If your goal is weight management, your aerobic exercise goal should be to slowly work up over a period of months to 60 minutes of exercise a day, five or more days a week. Your aerobic program should be supplemented by strength training (also called resistance or weight training) twice a week.

Whether your goal is better health or weight management, to get started check out the Shape Up America! Fitness Center While there, be sure to visit the Improvement Center to design your own program:

A Primer on Moderate-Intensity Physical Activity
Moderate-intensity physical activity refers to a level of effort in which a person experiences:

  • Some increase in breathing or heart rate
  • A "perceived exertion" of 11 to 14 on the Borg scale (the effort a healthy individual might expend while walking briskly, mowing the lawn, dancing, swimming, or bicycling on level terrain, for example).

Heart Rate

Heart rate can be used to define the intensity of physical activity. Since the maximum rate the heart beats each minute slows somewhat as we age, the definition of moderate-intensity activity, based on heart rate, must be adjusted for age.

Target Heart-Rate Range by Age (beats per minute)
Age 20 - 29 30 - 39 40 - 49 50 - 59 60 - 69 70 +
of *Maximum
Heart Rate
9590 85 80 75
of *Maximum
Heart Rate
160 152 144 136 128 120

* Maximum heart rate is estimated by subtracting your age from 220

For example, for a person between 40 and 49 years old, exercising hard enough to raise the heart rate to approximately 90 to 120 beats per minute is considered moderate intensity. Exercising at a level that raises the heart rate to about 121 to 144 beats per minute is considered vigorous intensity.

If you're beginning an aerobic activity program, it's probably best to aim for the low end of the heart rate range and work your way up in intensity as you become more fit. To monitor your pulse rate, find the artery at the base of your thumb or the side of your neck. Then place the first two fingers of your hand on the pulse and count the number of beats for 10 seconds. Multiply that number by 6 to get the beats per minute.


Moderate-intensity activity can also be defined in terms of the standard metabolic equivalent, or MET, level. This unit estimates the amount of oxygen used by the body during physical activity.

1 MET = the energy (oxygen) used by the body as you sit quietly, perhaps while talking on the phone or reading a book.

The harder your body works during the activity, the higher the MET.

  • Any activity that burns 3 to 6 METs is considered moderate intensity.
  • Any activity that burns ≥ 6 METs is considered vigorous intensity.


How many calories are burned during moderate-intensity activity? Any activity that burns 3.5 to 7 Calories per minute (kcal/min) is considered moderate-intensity activity. Any activity that burns more than 7 Calories per minute is considered vigorous.

For many examples of moderate and vigorous activities, go to:

Source: CDC website

My Story
Whether you have 10 pounds or 100 pounds to lose, slow and steady weight loss wins the race. Here, Diane and Brian show us how eating sensibly, being active and setting small, realistic goals helped them lose weight.

Diane's story: I weighed 185-187 pounds three months ago. I joined the gym and worked out an average of four to five days a week for an hour. I started out doing only 20-30 minutes. I have lost nine pounds. It seems like nine pounds is not enough for three months, but I guess that is to be expected. I have cut down on what I used to eat, like bread. I know that a person should not lose more than 8-10 pounds a month, so I have to say what I am doing is working - very slowly.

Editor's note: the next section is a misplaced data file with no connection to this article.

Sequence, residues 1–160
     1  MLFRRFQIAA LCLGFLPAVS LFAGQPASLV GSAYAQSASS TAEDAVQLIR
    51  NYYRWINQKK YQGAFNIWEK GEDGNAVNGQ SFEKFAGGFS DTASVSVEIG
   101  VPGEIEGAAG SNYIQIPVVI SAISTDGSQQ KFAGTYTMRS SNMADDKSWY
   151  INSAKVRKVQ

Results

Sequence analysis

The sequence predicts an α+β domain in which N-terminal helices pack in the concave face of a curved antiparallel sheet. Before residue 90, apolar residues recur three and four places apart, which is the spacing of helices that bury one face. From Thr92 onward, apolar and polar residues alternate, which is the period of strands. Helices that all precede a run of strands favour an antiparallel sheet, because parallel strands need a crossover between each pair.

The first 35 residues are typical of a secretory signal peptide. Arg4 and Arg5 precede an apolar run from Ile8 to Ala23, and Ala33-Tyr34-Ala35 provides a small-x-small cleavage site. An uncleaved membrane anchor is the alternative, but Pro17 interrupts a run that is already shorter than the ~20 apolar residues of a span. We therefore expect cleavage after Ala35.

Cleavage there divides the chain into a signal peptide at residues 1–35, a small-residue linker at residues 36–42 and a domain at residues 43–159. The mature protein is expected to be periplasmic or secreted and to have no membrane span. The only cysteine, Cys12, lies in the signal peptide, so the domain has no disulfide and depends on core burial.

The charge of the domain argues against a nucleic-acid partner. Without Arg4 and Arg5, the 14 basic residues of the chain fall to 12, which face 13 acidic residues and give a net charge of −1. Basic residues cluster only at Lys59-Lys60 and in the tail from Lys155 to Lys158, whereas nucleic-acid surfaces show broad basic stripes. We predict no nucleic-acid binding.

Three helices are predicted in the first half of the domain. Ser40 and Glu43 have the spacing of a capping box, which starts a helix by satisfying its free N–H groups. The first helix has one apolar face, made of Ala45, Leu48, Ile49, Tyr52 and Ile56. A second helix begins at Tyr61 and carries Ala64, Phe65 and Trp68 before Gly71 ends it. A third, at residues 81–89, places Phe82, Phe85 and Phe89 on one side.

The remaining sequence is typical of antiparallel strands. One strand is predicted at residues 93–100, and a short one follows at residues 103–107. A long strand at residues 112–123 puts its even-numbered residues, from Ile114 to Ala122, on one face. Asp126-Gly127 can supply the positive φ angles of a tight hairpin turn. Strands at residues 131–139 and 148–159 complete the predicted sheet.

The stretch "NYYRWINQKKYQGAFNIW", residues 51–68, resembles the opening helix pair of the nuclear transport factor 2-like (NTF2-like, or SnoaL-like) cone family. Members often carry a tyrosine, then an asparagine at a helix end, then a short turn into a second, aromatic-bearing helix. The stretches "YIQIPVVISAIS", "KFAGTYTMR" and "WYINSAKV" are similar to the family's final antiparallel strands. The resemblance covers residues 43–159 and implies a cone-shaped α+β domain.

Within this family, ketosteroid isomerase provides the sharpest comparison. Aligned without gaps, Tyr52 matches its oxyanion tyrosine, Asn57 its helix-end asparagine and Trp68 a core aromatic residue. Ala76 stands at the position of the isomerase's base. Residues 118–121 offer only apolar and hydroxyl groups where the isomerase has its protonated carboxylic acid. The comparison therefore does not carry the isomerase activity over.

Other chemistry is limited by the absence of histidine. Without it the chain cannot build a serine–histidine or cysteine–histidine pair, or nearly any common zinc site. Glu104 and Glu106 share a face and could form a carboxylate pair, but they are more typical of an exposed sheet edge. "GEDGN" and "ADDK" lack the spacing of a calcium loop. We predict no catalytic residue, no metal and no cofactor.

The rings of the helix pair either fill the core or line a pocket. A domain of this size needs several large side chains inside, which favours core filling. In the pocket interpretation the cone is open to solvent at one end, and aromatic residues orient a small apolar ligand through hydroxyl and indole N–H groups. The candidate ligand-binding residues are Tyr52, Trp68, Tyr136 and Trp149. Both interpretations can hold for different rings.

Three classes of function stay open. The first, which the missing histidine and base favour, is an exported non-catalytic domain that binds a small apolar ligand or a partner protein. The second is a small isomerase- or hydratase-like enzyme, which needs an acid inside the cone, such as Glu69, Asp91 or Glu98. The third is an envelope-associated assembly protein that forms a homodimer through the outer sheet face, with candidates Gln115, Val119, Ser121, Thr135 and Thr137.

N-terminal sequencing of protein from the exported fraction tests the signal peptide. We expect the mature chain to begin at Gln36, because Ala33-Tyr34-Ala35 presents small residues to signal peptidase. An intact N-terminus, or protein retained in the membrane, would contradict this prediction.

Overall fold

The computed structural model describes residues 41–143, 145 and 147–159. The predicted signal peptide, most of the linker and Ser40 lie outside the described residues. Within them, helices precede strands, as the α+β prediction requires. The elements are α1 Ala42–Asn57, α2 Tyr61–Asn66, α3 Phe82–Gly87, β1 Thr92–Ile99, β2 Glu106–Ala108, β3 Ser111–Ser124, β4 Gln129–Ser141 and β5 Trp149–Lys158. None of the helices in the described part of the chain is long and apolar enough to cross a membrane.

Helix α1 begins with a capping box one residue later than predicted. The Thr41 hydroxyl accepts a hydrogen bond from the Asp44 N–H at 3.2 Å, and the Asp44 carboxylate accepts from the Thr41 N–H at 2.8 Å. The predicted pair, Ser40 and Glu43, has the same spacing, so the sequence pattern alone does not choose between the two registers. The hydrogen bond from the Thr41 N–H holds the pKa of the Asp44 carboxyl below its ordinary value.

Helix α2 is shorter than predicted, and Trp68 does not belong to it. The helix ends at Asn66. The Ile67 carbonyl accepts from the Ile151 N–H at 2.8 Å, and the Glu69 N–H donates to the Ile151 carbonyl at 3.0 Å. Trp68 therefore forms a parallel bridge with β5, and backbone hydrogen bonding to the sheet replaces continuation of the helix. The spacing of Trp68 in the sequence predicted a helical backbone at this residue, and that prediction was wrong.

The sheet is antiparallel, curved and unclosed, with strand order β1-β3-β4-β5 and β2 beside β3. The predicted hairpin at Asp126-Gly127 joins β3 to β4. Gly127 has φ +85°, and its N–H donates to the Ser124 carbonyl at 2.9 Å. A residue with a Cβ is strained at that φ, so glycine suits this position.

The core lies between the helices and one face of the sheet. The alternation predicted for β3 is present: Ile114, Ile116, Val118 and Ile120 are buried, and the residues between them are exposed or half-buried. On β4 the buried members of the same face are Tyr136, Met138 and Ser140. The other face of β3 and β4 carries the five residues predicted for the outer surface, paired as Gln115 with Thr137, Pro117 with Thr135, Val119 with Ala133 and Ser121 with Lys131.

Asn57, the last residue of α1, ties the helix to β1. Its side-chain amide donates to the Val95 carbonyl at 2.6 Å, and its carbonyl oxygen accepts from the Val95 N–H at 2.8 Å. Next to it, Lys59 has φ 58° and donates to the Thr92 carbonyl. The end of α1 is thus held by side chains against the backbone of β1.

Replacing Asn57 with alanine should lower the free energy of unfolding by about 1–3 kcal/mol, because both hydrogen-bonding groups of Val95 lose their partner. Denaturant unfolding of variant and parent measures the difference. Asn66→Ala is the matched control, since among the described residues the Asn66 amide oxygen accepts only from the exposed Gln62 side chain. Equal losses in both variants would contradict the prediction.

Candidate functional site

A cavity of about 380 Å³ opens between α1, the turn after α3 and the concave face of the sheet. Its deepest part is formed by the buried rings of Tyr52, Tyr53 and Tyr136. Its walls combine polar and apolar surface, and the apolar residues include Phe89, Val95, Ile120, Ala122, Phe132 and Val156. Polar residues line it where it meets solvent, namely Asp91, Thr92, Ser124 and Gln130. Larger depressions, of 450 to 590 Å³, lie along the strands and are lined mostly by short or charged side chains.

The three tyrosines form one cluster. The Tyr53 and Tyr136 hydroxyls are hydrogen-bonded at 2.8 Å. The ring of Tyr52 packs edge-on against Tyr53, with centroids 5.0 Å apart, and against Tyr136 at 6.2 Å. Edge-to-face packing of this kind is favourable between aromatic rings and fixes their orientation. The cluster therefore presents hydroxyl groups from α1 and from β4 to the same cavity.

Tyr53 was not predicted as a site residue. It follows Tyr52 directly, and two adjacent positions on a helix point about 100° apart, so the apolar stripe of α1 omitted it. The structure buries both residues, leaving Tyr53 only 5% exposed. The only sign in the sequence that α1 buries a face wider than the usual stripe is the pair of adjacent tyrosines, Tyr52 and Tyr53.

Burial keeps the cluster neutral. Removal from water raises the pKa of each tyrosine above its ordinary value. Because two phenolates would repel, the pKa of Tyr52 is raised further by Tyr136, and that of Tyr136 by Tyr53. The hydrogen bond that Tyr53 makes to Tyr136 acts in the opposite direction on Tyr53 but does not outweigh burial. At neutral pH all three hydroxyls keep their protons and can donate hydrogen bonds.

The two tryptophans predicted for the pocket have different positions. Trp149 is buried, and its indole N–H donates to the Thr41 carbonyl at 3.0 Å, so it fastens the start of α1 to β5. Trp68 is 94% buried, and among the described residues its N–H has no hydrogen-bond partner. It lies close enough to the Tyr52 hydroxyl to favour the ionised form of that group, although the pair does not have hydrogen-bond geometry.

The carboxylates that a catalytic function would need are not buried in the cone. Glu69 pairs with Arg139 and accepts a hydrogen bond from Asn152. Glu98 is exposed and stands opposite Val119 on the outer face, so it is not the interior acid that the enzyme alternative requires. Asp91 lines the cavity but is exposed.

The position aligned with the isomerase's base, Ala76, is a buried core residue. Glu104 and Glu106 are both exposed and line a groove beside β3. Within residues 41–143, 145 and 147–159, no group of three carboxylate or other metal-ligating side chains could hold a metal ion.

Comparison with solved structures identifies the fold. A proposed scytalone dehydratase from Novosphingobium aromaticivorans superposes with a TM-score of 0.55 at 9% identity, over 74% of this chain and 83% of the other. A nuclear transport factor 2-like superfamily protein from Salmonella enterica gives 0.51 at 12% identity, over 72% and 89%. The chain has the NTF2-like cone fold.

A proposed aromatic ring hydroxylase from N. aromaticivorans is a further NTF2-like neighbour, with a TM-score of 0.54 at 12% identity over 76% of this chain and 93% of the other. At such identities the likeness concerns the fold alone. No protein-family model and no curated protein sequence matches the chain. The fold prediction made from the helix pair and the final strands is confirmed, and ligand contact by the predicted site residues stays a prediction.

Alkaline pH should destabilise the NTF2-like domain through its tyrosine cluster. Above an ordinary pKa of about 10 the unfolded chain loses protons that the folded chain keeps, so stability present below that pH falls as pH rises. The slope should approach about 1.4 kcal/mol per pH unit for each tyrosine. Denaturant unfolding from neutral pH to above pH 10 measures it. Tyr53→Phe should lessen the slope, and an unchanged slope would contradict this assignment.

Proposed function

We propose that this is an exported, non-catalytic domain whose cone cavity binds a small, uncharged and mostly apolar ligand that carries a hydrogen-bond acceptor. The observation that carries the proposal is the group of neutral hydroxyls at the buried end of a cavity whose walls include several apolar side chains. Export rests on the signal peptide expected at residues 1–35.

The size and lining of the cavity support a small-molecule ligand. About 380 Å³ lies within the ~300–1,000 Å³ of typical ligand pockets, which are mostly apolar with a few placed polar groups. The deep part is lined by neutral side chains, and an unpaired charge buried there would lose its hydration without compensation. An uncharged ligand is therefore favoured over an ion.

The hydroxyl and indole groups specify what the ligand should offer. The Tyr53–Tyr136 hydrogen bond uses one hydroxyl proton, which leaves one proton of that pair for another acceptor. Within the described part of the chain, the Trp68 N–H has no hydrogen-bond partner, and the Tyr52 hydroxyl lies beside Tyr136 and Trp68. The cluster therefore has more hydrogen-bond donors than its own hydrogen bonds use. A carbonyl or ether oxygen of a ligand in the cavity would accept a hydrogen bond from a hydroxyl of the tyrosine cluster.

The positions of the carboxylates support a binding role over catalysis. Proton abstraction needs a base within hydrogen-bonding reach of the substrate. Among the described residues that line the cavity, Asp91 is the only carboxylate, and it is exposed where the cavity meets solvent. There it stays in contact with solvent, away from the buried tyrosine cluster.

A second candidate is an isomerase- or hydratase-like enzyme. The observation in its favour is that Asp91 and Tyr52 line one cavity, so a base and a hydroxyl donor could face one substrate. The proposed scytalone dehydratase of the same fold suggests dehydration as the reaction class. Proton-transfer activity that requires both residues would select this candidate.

Brian's story: Two years ago I started my weight loss plan. I have gone from 330 pounds to 217 pounds. My goal is to lose one pound per week until I reach my ideal body weight. I will reach my goal of 185 pounds this year. To me, weight loss is like a war; sometimes I win the battle sometimes I lose, but I am winning the war. I am doing this through diet and exercise. The biggest thing that has helped me is I have given up fast food and increased my vegetable and fruit intake. Sometimes it is hard, especially around the holidays when there is so much temptation. To help myself, I just keep my eye on the goal I have set for myself. I just want to be healthy and happy; I want to be part of life instead of just watching it drift by me. I hope that one day I can inspire someone else to take this challenge and succeed. Just remember we all have setbacks, but just keep trying. Never give up, you can lose that weight.

If you would like to share your personal success story and be an inspiration to others who desire to lose weight, simple use our story submission system on the SUA website.

Recipe of the Month
Here's a fun and tasty recipe that kids and adults will enjoy. It combines pineapple, raisins and nuts with carrots and salad greens, for two cups of fruits and vegetables per serving.
Makes 4 servings


  • 4 cups Romaine salad mix
  • 1 20-oz. can pineapple chunks in 100% juice, drained (reserve juice)
  • 1 cup carrots, shredded
  • 2/3 cup raisins
  • 1/3 cup walnuts, chopped
  • 1/3 cup reduced-fat mayonnaise
  • 1/4 cup pineapple juice, from canned pineapple chunks
  • 1/4 teaspoon cinnamon


  1. Place 1 cup of Romaine salad mix on each of four salad plates. Spoon ¼ of drained pineapple chunks and ¼ cup shredded carrots in the middle of each salad bed.
  2. Top each salad with of the raisins and of the walnuts.
  3. In a small bowl, make dressing by combining mayonnaise, pineapple juice and cinnamon. Using a spoon, drizzle 2½ tablespoons of dressing over each salad and serve.

Nutritional analysis per serving: 252 calories, 9.4 grams total fat, 1.3 grams saturated fat, 0 milligrams cholesterol, 44 grams carbohydrate, 4 grams dietary fiber, 3 grams protein, 200 milligrams sodium.

Source: Produce for Better Health Foundation.
From the Cool Fuel Cookbook for Kids.

phone: 406-686-4844

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Editor: Adrienne Forman, MS, RD